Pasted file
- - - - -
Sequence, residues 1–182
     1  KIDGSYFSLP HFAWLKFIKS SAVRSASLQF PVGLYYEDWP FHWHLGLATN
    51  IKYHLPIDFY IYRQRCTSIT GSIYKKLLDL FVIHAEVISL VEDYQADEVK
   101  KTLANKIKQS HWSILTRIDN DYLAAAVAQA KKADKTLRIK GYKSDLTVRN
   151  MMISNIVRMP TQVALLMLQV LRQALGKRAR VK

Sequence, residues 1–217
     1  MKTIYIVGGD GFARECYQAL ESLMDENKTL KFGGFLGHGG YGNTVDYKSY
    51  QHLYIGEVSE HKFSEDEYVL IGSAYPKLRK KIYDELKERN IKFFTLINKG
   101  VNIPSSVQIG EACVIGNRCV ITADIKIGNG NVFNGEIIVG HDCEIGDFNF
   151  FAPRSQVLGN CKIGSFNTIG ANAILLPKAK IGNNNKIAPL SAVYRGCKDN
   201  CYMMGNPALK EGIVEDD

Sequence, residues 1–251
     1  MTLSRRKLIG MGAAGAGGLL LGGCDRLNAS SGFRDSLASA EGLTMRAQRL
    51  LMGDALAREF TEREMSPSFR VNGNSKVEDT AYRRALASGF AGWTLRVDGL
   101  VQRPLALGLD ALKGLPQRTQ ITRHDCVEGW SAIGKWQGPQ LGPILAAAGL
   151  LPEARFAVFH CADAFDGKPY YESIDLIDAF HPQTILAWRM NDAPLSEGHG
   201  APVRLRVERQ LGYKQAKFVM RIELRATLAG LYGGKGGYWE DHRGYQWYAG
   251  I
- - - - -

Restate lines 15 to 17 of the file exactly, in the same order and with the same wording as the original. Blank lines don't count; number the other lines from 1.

   101  VQRPLALGLD ALKGLPQRTQ ITRHDCVEGW SAIGKWQGPQ LGPILAAAGL
   151  LPEARFAVFH CADAFDGKPY YESIDLIDAF HPQTILAWRM NDAPLSEGHG
   201  APVRLRVERQ LGYKQAKFVM RIELRATLAG LYGGKGGYWE DHRGYQWYAG